Do You Wish You Lived in a Low-Tax State?

Tax Day — April 15 — is looming in the United States. While federal income taxes apply everywhere, state and local taxes vary state by state. The differences in the total tax burden among the 50 states, as a proportion of personal income, can make a significant impact on a household budget.

A study by WalletHub measured the share of personal income paid by residents in individual income taxes, property taxes, and sales and excise taxes (those levied on goods and services), and ranked every state by its total tax burden. The data for the rankings were drawn from the Urban-Brookings Tax Policy Center, a nonprofit that analyzes tax issues.

New York State’s tax burden was highest, over 12 percent. Hawaii, Vermont, Maine and California followed, each topping 10 percent. At the other end of the scale, Alaska has a tax burden less than half of New York’s, or slightly below 5 percent. New Hampshire, Wyoming and Florida followed, all roughly six percent.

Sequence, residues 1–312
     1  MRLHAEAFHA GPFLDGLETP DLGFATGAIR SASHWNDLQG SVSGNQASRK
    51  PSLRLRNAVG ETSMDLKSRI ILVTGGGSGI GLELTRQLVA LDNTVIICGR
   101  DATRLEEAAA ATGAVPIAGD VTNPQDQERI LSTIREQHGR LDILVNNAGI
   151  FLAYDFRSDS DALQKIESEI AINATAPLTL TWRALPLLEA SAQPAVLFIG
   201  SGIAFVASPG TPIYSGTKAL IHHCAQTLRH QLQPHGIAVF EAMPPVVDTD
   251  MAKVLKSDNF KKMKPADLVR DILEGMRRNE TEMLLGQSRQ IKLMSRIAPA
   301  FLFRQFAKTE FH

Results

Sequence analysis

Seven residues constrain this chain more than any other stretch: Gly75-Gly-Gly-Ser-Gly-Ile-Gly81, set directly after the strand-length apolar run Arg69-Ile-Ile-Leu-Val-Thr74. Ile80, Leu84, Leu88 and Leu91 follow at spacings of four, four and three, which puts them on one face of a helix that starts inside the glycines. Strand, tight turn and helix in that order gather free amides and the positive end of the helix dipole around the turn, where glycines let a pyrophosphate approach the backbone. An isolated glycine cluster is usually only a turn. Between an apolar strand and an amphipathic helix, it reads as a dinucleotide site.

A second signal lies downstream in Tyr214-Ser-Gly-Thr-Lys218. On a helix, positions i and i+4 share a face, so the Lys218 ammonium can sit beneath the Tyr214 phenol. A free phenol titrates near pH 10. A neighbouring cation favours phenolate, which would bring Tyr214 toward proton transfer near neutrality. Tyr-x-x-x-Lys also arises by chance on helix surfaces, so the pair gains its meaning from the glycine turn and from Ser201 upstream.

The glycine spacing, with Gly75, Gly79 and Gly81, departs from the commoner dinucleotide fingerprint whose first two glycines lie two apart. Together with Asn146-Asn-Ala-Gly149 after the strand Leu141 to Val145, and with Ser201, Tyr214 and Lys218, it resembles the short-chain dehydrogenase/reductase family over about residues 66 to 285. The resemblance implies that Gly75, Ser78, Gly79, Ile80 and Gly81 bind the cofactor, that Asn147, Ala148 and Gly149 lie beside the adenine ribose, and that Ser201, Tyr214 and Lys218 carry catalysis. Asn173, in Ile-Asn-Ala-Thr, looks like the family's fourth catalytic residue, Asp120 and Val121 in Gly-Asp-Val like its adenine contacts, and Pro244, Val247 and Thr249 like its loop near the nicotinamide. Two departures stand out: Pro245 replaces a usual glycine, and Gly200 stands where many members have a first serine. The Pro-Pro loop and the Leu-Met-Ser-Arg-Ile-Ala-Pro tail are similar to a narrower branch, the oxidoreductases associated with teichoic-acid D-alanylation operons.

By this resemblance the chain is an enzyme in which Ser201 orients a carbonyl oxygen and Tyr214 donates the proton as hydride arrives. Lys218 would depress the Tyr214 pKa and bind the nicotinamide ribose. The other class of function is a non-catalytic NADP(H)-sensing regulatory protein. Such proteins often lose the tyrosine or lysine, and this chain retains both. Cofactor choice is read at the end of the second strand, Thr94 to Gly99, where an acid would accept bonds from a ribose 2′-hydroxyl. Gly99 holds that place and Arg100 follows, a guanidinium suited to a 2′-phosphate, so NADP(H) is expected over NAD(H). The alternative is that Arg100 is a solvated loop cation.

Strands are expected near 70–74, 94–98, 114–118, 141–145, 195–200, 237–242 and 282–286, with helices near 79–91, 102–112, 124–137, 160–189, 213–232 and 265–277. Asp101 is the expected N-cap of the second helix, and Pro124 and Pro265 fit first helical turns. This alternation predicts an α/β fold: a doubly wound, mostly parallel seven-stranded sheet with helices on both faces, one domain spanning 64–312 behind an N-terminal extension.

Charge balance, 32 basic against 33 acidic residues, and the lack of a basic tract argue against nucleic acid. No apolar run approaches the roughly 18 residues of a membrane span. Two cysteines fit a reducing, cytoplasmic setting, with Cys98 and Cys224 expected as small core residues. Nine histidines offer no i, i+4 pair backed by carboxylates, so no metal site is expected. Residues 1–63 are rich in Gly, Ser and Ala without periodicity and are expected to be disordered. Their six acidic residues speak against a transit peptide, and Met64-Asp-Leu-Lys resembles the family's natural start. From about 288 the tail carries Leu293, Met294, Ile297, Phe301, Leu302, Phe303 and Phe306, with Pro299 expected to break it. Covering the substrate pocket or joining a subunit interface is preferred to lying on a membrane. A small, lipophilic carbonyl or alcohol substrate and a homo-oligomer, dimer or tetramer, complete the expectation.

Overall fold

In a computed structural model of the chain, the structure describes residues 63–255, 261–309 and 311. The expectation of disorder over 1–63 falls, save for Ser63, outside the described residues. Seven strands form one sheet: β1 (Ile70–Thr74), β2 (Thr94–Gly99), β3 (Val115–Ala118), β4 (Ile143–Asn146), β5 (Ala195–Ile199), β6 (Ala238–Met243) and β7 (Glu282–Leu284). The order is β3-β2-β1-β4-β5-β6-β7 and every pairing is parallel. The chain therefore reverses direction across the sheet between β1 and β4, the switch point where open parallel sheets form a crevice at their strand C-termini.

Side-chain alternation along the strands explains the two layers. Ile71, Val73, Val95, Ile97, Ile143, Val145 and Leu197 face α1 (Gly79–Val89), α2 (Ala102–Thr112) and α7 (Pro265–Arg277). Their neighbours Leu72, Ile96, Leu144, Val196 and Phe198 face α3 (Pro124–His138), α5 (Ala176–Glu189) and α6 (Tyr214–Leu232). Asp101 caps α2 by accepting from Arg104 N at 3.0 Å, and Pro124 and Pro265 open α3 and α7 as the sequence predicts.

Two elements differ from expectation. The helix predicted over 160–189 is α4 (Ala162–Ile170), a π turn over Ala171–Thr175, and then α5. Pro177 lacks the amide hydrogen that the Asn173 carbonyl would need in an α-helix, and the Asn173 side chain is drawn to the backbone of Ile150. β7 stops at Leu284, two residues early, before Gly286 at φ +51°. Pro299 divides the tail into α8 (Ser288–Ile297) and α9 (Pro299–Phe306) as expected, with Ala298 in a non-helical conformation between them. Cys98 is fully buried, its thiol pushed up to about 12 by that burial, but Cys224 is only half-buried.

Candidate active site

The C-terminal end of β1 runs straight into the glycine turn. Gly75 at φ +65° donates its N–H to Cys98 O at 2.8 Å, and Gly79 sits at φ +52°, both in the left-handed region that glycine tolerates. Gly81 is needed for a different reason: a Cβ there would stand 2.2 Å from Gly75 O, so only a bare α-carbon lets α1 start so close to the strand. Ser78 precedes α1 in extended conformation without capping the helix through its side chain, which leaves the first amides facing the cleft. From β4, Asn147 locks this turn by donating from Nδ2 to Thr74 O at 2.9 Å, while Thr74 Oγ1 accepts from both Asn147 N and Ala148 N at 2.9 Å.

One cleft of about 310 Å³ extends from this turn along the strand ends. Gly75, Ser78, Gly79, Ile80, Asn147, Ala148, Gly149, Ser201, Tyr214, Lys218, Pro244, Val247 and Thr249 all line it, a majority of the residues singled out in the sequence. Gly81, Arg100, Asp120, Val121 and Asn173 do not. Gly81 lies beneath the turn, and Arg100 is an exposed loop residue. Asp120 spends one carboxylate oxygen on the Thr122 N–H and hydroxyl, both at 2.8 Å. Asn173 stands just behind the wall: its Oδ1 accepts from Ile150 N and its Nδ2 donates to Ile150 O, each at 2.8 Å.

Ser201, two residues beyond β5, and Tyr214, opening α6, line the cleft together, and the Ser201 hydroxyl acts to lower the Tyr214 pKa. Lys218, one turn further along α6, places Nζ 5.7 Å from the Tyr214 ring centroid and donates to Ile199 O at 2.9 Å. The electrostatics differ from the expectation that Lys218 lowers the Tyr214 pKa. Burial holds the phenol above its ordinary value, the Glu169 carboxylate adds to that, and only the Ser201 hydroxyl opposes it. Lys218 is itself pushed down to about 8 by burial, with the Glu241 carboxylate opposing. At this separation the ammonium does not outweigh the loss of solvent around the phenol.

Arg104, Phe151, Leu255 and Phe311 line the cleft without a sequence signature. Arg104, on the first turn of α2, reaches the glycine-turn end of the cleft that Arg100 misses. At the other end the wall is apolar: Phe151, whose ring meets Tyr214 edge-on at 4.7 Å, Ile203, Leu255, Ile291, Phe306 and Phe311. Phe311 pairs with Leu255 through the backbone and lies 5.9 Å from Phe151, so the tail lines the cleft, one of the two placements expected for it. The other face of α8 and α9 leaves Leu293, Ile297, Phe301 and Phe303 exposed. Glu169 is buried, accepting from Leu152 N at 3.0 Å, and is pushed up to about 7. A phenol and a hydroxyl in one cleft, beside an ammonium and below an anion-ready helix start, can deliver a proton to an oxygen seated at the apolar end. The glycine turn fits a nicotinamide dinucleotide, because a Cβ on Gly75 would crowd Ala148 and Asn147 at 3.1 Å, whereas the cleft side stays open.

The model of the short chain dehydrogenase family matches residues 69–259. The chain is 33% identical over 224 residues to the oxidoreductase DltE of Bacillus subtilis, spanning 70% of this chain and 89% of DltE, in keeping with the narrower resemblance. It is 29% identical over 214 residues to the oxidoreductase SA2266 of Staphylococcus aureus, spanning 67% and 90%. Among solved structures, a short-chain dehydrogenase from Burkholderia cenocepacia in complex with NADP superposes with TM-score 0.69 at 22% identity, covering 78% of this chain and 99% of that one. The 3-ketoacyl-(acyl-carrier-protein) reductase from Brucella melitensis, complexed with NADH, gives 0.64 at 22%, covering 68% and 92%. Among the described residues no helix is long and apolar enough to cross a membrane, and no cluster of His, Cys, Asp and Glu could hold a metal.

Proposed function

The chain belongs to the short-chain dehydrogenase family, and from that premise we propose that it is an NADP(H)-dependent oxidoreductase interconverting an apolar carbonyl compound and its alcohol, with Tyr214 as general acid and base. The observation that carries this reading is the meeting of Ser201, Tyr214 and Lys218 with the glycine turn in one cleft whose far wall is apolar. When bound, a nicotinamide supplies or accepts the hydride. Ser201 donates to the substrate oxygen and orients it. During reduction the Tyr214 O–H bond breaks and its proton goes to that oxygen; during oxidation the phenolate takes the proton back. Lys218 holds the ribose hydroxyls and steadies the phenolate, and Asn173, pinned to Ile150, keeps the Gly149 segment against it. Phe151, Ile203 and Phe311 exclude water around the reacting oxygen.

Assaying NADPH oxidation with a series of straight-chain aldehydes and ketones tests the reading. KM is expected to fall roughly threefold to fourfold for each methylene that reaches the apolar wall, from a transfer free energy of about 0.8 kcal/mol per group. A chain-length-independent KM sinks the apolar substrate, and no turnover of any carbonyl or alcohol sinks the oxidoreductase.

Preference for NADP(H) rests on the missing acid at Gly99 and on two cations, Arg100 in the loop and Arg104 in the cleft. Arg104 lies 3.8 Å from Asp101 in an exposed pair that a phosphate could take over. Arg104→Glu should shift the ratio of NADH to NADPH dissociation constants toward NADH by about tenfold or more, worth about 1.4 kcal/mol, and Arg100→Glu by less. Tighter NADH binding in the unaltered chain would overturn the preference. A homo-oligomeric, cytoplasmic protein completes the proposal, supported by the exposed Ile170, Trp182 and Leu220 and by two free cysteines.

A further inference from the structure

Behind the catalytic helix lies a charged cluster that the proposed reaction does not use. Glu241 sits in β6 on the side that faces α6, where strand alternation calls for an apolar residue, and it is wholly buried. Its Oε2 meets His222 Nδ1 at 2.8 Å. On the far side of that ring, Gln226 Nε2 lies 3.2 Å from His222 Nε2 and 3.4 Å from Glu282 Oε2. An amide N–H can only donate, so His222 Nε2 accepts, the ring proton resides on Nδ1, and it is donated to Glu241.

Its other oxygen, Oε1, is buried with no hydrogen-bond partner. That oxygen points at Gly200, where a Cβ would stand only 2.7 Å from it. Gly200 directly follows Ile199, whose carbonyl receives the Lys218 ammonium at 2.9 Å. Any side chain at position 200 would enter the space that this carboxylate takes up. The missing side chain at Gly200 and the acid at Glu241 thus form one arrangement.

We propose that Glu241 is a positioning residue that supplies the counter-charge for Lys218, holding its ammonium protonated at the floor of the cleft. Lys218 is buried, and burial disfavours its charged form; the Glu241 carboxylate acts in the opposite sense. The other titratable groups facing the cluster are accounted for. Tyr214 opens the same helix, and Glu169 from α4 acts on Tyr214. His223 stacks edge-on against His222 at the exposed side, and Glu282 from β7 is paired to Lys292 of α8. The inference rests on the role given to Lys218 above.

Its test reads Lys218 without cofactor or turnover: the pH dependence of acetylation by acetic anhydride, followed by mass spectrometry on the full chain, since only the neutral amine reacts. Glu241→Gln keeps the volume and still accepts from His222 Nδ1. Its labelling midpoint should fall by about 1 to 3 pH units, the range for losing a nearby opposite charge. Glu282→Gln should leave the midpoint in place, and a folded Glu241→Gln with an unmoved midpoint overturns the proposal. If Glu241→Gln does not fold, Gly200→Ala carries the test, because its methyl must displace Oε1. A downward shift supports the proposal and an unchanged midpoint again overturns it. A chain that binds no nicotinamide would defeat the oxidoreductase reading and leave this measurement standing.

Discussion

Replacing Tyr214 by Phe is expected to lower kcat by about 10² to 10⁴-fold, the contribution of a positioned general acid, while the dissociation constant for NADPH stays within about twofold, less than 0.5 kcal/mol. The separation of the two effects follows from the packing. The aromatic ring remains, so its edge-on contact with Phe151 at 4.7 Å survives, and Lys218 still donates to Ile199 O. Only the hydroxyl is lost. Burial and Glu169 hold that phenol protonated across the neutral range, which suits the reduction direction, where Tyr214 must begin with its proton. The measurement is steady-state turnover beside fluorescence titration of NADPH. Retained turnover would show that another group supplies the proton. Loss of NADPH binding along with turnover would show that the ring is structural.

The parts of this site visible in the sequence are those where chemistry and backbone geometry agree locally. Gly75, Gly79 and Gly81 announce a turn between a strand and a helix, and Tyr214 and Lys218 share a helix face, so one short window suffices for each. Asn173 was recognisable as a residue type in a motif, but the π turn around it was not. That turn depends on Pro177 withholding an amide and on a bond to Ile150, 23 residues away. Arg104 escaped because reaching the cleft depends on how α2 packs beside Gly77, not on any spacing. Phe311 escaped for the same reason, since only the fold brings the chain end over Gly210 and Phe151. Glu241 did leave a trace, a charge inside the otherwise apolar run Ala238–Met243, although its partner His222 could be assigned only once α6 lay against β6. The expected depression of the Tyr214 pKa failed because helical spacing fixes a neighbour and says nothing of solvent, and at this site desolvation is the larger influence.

Important to homeowners, Maine, Vermont and New Jersey were found to have the highest property taxes. Sales and excise taxes combined were highest in Washington, followed by Nevada and Hawaii — exceeding 5 percent in each.

This week’s chart shows the 15 states with the highest total tax burden and the 15 with the lowest, according to WalletHub.

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